Unless you've been under a hockey bag for the past few days/weeks you've noticed that a great deal of electronic ink has been spilled comparing the current Penguins group to the '84 Oilers championship team. NHL.com has a relatively extensive write up drawing out the parallels between the two. Like the '84 Oilers, who lost to the dynasty Islanders in '83, only to learn what to do to beat the Islanders from that series, the Penguins look poised to topple another dynasty; that of the winged wheel.
The comparisons are startling, until you realize that the Penguins haven't won it yet, meaning that the comparisons are totally moot unless they actually do win.
It seems far to early to be making this comparison a feature story on NHL.com (although Bettman's love of the Pittsburgh franchise's poster boy surely is no secret). And the comparisons may be overdrawn. One of which is the suggestion that this series is the young Penguins versus the grizzled old farts in Detroit. With the duo of Malkin and Crosby leading the way, and Fleury backstopping their effort, it may indeed seem the Penguins are the youthful team out to slaughter the ancient great red beast. And while the Penguins have an average roster age that is a year or two below Detroit, the Wings have found themselves propelled this postseason by the legs of some youthful exuberance of their own. Needless to say, guys like Filppula, Ericsson, and Helm, are a big reason why the Wings are back in the Finals. And running a line that looks like its straight from a Griffins game has not been particularly damaging to Detroit (Leino, Abdelkader, and Meech on D).
Of course, the Wings top offensive weapons are barely 30, and although Lidstrom is getting up there in years he seems to be more akin to a fine wine. All of this suggests that the comparison between the Pens and the '84 Oilers has more holes than at first glance. We won't know just how apt or foolish the comparison is until this series begins, but I for one think calling this Penguins team "Generation Now" is a bit premature.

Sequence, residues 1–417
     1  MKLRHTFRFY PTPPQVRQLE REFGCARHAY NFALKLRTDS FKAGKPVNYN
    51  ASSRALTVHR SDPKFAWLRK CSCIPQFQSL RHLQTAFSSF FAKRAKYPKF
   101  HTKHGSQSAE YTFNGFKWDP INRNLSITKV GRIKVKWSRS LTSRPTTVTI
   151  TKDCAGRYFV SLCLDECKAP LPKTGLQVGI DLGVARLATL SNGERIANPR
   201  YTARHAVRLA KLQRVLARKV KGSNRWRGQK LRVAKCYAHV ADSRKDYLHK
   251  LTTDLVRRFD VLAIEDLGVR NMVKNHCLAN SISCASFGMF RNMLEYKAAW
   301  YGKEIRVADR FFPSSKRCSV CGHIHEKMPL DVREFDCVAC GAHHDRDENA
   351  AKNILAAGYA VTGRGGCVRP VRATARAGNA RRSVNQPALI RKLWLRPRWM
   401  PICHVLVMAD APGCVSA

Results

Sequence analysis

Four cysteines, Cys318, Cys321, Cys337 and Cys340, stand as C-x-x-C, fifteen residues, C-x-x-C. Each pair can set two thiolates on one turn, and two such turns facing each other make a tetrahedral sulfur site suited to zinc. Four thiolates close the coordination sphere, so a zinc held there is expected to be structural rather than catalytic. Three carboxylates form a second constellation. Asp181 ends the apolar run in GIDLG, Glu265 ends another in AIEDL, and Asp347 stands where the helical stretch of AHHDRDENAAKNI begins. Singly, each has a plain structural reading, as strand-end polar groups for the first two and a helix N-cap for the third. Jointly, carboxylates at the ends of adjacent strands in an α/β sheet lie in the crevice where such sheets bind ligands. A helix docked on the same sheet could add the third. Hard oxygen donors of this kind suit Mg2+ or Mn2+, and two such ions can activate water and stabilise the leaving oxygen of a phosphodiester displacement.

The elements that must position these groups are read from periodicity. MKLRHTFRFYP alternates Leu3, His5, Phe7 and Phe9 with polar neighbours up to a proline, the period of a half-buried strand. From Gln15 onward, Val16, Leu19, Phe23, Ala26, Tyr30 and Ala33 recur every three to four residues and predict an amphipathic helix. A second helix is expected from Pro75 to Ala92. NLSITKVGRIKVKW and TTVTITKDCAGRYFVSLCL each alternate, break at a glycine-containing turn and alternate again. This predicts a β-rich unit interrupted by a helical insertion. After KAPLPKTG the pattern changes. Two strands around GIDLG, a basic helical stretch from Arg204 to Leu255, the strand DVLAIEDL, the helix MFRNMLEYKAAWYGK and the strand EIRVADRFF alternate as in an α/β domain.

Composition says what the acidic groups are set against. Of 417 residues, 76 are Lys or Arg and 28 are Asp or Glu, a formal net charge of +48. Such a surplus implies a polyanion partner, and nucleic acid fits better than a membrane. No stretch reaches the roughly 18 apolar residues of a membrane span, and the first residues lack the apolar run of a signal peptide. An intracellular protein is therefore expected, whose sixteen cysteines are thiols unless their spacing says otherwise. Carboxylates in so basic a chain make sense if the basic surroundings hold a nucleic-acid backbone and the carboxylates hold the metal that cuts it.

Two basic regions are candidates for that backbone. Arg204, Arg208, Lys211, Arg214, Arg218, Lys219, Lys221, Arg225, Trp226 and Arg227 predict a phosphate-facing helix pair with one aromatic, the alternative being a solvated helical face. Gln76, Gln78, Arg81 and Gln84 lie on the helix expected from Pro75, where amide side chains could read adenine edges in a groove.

One comparison that can be made is between this series and last year's series. The Wings are a bit more banged up this year, but are deeper. And the Pens again find themselves the favorites in the minds of more than a few hockey analysts and bloggers. The refrain heard last year, "I hate the Wings. Pens in 6;" "The Pens are too youthful for the aging Wings, Pens in 7;" and so on are again being heralded by various hockey pundits. Pittsburgh rolled through Philadelphia last year in the finals, heading into the Cup Finals firing on all cylinders. They seemed like an unstoppable offensive force, led by Marian Hossa. This year Hossa has a winged wheel on his jersey, but Malkin and Crosby have picked up the "slack." Can both these teams win it? Absolutely. But let's not kid ourselves, not a whole lot has changed, and it remains to be seen whether this Penguins team learned enough last year to defeat a team that seems to have only gotten better between last year's Finals and this year's.
It'll be a great series. But please, hold off on the Oiler comparison.